Greeks are gearing up for massive protests against German Chancellor Angela Merkel's visit to the European nation amid the economic turmoil.
Although the Greek government has imposed a ban on street protests, anti-austerity activists are unlikely to heed it.
The police have announced that rallies and open-air gatherings are prohibited in central Athens until Merkel leaves the country.
Such a ban on street rallies has not been imposed on the country since 1974 when the military rule was ousted.
Merkel has often been seen as one of the hated figures in Greece and even been compared to Adolf Hitler by some local media. During previous general strikes, Merkel had been an object of hatred for the campaigners.
Protesters took to the streets on the eve of Merkel's visit which went on till the night, to give a hint of what can be expected on the day of Merkel's presence. There is widespread fear that the volatile protests could burst into violence.
Opposition parties have also called for protests outside the German embassy despite the ban.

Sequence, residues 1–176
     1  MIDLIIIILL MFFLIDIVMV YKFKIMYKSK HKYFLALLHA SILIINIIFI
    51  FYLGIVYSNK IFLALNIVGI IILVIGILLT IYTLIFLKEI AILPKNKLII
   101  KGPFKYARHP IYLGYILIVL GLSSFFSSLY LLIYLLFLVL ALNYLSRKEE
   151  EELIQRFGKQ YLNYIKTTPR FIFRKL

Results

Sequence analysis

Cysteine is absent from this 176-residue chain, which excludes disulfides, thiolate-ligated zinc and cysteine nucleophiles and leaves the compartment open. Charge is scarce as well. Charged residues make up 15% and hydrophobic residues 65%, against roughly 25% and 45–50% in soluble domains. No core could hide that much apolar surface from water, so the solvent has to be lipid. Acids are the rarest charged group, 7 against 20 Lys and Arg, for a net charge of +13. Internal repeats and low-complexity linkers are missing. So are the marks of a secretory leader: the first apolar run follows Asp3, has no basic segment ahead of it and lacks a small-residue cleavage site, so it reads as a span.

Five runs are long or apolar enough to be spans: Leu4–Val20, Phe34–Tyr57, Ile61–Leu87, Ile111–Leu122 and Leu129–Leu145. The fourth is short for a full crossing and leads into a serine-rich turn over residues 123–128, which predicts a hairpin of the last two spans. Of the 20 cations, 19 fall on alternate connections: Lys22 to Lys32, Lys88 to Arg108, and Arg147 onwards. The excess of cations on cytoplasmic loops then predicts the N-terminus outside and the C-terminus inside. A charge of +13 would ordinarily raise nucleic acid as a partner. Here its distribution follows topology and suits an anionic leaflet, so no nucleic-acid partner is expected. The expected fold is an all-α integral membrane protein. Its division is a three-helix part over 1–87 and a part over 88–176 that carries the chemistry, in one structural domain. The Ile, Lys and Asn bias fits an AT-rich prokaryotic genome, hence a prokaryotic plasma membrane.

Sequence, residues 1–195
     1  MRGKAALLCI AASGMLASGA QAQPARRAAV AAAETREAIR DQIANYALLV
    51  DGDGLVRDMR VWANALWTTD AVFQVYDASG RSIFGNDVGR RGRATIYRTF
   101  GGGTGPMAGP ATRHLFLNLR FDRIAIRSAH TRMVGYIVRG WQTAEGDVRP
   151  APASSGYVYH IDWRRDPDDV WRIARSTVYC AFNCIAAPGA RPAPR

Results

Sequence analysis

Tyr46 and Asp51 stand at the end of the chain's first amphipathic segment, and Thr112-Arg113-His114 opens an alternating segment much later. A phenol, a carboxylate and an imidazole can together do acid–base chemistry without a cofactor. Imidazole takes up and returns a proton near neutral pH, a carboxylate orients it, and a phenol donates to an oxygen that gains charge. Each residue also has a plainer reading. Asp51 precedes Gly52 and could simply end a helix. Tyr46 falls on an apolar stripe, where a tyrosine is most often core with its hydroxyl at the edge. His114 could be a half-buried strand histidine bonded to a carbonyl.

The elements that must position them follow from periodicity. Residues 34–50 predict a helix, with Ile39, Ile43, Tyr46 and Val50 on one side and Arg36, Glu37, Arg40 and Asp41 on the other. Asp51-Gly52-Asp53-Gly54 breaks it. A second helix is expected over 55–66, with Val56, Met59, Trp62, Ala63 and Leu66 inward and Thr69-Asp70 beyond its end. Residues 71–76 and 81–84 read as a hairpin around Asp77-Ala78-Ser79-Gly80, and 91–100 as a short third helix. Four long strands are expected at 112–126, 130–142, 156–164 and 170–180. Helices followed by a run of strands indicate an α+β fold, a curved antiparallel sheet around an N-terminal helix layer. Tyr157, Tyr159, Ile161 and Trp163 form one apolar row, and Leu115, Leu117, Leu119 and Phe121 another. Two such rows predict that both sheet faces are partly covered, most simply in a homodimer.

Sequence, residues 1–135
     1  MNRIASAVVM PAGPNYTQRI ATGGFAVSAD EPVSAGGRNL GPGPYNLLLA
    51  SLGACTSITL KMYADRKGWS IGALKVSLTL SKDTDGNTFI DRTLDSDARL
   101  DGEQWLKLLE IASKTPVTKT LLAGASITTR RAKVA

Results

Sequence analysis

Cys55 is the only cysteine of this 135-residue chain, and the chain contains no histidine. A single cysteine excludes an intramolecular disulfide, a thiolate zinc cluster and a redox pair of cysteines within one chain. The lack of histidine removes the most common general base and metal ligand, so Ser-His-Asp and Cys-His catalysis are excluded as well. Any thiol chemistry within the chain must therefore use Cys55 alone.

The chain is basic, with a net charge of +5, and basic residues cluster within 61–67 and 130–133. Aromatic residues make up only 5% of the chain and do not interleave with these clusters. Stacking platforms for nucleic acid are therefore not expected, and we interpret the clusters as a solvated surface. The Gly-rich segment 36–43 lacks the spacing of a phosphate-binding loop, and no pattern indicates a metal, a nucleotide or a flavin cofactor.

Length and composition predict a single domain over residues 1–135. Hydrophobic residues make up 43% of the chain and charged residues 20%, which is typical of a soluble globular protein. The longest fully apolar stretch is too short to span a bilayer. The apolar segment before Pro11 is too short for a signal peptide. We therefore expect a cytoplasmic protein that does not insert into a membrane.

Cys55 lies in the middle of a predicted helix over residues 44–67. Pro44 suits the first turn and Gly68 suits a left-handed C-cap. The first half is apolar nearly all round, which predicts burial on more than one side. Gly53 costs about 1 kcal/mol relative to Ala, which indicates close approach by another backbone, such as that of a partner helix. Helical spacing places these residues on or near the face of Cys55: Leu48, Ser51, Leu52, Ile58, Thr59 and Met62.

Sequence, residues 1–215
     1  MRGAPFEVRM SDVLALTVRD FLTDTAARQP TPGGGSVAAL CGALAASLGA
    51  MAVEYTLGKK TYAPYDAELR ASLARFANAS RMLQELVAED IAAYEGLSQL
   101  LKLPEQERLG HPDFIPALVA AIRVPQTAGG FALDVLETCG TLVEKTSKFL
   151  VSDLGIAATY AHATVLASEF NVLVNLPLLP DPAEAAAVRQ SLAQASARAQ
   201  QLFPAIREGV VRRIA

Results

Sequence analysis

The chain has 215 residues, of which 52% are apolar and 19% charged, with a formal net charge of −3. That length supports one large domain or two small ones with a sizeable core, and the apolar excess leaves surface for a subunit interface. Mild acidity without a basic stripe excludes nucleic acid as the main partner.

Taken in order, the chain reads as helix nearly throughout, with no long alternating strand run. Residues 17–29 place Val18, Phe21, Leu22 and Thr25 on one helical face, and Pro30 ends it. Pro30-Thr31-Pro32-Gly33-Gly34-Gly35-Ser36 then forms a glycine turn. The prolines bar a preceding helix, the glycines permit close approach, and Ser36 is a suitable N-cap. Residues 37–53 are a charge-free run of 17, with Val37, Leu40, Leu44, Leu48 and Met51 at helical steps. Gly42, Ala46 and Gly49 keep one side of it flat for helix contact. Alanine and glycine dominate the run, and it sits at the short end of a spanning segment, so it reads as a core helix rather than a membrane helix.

Greek Prime Minister Antonis Samaras put on a brave face promising a smooth visit for Merkel. The government has urged the activists to save the international image of Greece.
It is not clear how the security forces would react if the protesters try to defy the ban.
"Syndicates and all of society will give a dynamic response to the plans of Merkel and European powers that are imposed by creditors and implemented by the government," said the Greek unions which are spearheading the protests.
As part of the security measures, snipers will be placed on rooftops and airborne helicopters carrying army troops would be ready for any eventuality.
The six-hour stay will be Merkel's first visit to Greece in five years.
"She is going to Greece to express her support for the ambitious reform efforts that the Greeks have set out and are ‑ in part - beginning to implement. We should not forget - and I think this is sometimes forgotten in Germany - that Greece can point to some successes when it comes to reducing the deficit through very difficult measures," Chancellor's spokesperson Steffen Seibert said on the eve of her visit.